My phone rings out this morning and a man says in a raspy, “Hello?”
“Is this Pete?” I ask.
“Yes, this is Pete,” he replies.
“Hi, Pete. This is Mary Jo Doig. I’ve called three times during the past ten days but hadn’t heard back yet. You probably have messages telling you I left my car parked at the Amtrak Station on March 2nd, the day of the nor’easter. I punched into the toll machine that I’d be gone five days and it charged me the weekly rate of $50.00. I’m calling because I couldn’t get to my destination and returned home the next day.”
I hear shuffling of papers. “I know the name,” he says, pronouncing name in the Southern way, nam (as in Viet Nam). “And I know what you’re going to ask,” he adds, then launches into a litany of the huge numbers of cars that use the lot, how hard it is to keep track of who comes and goes, and much more. Patiently I listen. In the climate of our present-day rudeness-and-crassness, I refuse to participate. I will be respectful of him.
He pauses to inhale. “Yes,” I say, taking advantage of the break, “I’m calling because my credit card shows charges for a week and I would ask that you kindly charge me for just two days.”
He jumps right in again. “Do you know how much work that would take to be on top of all that for every customer?”
“I can only imagine,” I replied. “But you remember that Friday of the Nor’easter, right? How we stopped and started four to five times on the way to Union Station and it took eight hours to get there with all the downed trees, and then Amtrak cancelled all trains north? The next morning I went to the train terminal to see what would be better, trying to move ahead to New York or return home. I decided to come home, and that was another eight hour, instead of three hour trip.”
He started to talk about how the nor’easter had fallen so many trees on his property he was still sawing them up. I said, “Me, too.” We launched into this common ground for a few sentences, then I said, “So, you know that when I returned, my card was billed on day three, not day five.”
“I don’t usually do refunds,” he said, but I thought I detected a tad of softening in his firm voice. “I used my credit card,” I said.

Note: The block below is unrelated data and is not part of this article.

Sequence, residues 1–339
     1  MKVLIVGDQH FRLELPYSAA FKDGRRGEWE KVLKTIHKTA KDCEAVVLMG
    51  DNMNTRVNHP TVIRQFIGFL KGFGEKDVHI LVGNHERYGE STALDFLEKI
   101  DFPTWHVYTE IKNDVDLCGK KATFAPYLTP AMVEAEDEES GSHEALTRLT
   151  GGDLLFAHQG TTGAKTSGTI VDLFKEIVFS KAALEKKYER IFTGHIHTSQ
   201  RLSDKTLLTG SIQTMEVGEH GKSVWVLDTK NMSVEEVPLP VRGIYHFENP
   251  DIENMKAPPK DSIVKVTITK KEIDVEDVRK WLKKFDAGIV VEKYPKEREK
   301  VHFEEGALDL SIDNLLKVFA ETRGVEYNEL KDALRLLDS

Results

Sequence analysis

“Well, let me look it up in the system.” He snorted and grumbled as the computer worked slowly, then found me after I told him when I parked and when I left. “What’s your parking spot number?”
“Forty-one,” I said, adding that I’d remember that number for the rest of my life because I’d had to walk twice to it during that howling, frigid Friday morning.
He chuckled. “Okay, here you are.” He asked additional questions and then said, “Okay, I’m going to refund you for two days.”
“That would be very nice,” I said and thanked him.
He grumbled some more, but less crankily, at the computer as he clicked keys. “Okay, I’m doing the refund now. It’ll be done in a minute.”
I thanked him again.
Silence filled the phone line for about a minute and then I heard a sound something like a growl. I waited silently until he said, “M’am, I’m sorry you had such a tough two days on the train, and to make up for that I’ve refunded you the entire $50.00. Maybe one day you’ll come back and ride the train again.”
“Wow, that’s very nice of you, Pete. I’ve had a few really nice experiences, like this with you today, and with a ticket lady at Union Station, and, you know, I think I will ride Amtrak again,” then added, “but not until summer.”
He chuckled. “I’m glad to do this for you. Watch your email and the refund will show up there shortly.”
Once more, I thanked him.
Later, I found the below in my email:
I wrote a reply:
Thank you. Your kindness was a lovely ending to a long-anticipated journey interrupted by Mother Nature.
Mary Jo Doig